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IRIS 2019-7:1/7

Germany

Courts decide on NPD European election ads

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Jan Henrich

Institute of European Media Law (EMR), Saarbrücken/Brussels

The Bundesverfassungsgericht (Federal Constitutional Court - BVerfG) of the Federal Republic of Germany recently took two decisions in urgent proceedings concerning election campaign ads for the NPD political party, while a third case was decided by the Hessische Verwaltungsgerichtshof (Hessian Administrative Court - VGH). A number of public service television and radio broadcasters had refused to broadcast the ads. In two of the three cases, the courts decided that they had been wrong to do so.

Under provisions such as Article 11(1) of the ZDF-Staatsvertrag (Inter-State Agreement on ZDF), political parties and coalitions are entitled to a reasonable amount of airtime on national public broadcasting channels in the run-up to European Parliament elections. There are similar rules at federal state level.

Zweites Deutsches Fernsehen (ZDF) had initially allocated several time slots for the party’s campaign ads before refusing to broadcast them on the grounds that they would constitute incitement to hatred. Since the relevant administrative courts and the Bundesverfassungsgericht were in agreement, the broadcaster was allowed to refuse to broadcast the ads.

Incitement to hatred,that is, disturbing public peace by inciting hatred and violence against or defaming segments of the population, is punishable under Article 130 of the Strafgesetzbuch (Criminal Code - StGB). In its European election campaign ad, the NPD claimed that: “Since the arbitrary opening of the border in 2015 and the uncontrolled mass migration that followed, Germans have become almost daily victims of knife-wielding foreigners”. A further declaration that “Migration kills!” was followed by a call for the creation of so-called “safe zones” for Germans.

The Bundesverfassungsgericht reached a different decision in the case concerning public service broadcaster Rundfunk Berlin-Brandenburg (rbb), which had legally examined TV election ads for the national ARD channel and, on similar grounds, had refused to broadcast a slightly amended version of the NPD ad. In this case, the court held that there was insufficient certainty that the ad’s content would constitute incitement to hatred. Like the administrative courts that had initially heard the case in urgent procedures, rbb had made reference to the party’s election manifesto in its interpretation of the ad’s content. However, the Bundesverfassungsgericht ruled that the content of the ad itself was the only relevant factor and that, since it did not appear to violate Article 130 StGB, the broadcaster was obliged to show the ad. Radio and television advertising remained an important tool in political parties’ election campaigns, so airtime needed to be allocated in accordance with the principle of equal opportunities for all political parties.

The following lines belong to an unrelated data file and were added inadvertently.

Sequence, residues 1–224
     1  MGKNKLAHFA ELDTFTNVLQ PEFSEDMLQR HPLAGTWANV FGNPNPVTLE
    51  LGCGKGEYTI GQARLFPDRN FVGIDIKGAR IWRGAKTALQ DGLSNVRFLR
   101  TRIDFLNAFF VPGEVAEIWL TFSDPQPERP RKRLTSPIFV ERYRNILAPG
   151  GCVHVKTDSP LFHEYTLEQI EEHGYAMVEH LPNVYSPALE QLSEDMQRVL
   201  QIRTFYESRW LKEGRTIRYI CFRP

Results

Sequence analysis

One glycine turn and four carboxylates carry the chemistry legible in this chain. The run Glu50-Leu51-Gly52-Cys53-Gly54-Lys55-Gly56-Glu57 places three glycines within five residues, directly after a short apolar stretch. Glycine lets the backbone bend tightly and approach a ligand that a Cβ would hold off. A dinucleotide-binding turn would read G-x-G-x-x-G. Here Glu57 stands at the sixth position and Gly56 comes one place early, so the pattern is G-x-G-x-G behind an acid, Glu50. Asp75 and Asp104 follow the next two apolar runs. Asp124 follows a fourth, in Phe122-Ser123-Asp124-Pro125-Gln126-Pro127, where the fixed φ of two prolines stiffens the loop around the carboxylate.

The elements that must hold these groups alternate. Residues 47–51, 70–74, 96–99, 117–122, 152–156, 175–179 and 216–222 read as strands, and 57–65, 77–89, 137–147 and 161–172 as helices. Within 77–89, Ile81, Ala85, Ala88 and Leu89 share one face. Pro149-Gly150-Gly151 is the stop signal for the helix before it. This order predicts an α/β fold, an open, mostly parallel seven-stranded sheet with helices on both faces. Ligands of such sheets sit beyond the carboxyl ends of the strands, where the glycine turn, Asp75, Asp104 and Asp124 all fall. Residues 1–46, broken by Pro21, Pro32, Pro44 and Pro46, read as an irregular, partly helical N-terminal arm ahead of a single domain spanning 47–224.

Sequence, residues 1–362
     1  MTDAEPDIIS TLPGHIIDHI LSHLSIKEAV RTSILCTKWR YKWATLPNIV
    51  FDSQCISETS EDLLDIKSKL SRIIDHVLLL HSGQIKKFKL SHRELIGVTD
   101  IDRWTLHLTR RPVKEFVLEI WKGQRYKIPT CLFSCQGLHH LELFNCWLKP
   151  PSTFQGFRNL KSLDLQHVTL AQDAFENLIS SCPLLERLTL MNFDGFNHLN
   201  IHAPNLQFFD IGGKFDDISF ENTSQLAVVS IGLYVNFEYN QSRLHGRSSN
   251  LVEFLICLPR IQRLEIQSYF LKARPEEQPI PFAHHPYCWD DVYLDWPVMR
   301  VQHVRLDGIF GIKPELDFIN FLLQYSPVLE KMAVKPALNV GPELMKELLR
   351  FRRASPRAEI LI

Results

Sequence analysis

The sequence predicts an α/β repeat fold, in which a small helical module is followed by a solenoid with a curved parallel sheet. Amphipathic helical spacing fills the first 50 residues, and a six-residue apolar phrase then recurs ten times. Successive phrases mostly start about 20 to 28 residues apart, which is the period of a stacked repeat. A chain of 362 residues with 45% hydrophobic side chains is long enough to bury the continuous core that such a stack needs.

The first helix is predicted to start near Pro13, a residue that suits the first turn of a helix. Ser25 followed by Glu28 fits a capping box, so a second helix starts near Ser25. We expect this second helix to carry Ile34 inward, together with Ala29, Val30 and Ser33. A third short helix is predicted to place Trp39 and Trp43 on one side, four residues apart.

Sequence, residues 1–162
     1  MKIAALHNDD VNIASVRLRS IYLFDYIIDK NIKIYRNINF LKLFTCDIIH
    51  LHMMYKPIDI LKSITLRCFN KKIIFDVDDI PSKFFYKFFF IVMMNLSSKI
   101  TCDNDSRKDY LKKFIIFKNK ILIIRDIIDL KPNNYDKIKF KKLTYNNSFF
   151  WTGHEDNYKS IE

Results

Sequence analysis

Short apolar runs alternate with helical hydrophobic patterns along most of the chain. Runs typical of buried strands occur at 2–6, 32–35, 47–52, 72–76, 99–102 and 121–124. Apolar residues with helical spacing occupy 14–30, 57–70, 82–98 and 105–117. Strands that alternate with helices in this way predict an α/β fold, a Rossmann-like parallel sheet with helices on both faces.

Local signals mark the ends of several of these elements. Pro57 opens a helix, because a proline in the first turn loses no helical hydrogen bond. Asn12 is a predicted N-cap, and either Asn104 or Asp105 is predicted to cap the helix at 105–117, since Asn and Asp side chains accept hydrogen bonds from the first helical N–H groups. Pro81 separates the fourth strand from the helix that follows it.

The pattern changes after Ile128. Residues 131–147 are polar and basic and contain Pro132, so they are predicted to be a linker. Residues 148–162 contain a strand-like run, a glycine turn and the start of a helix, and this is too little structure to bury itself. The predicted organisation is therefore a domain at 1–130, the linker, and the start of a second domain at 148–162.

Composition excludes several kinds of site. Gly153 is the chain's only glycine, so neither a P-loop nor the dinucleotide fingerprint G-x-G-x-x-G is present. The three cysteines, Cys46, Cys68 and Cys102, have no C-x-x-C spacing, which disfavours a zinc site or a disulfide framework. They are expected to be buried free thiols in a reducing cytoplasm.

In early May, a similar decision was reached by the Hessian Administrative Court, which ordered Hessischer Rundfunk (hr) to broadcast a radio election ad and overturned a decision of the Verwaltungsgericht Frankfurt (Frankfurt Administrative Court). In the ad, the NPD had replaced a reference to “knife-wielding foreigners” with an allegation of censorship. According to the court, although broadcasters were not barred from checking whether election ads breached general criminal laws, such an ad could only be rejected if the violation was both obvious and serious. This was no longer the case where the party’s amended advertisement was concerned.

References
Beschluss des BVerfG vom 27. April 2019 (1 BvQ 36/19) DE
 http://merlin.obs.coe.int/redirect.php?id=19564
 
  Federal Constitutional Court decision of 27 April 2019 (1 BvQ 36/19)    
Beschluss des BVerfG vom 15. Mai 2019 (1 BvQ 43/19) DE
 http://merlin.obs.coe.int/redirect.php?id=19565
 
  Federal Constitutional Court decision of 15 May 2019 (1 BvQ 43/19)    
Beschluss des Hessischen VGH vom 9. Mai 2019 (8 B 961/19) DE
 http://merlin.obs.coe.int/redirect.php?id=19566
 
  Hessian Administrative Court decision of 9 May 2019 (8 B 961/19)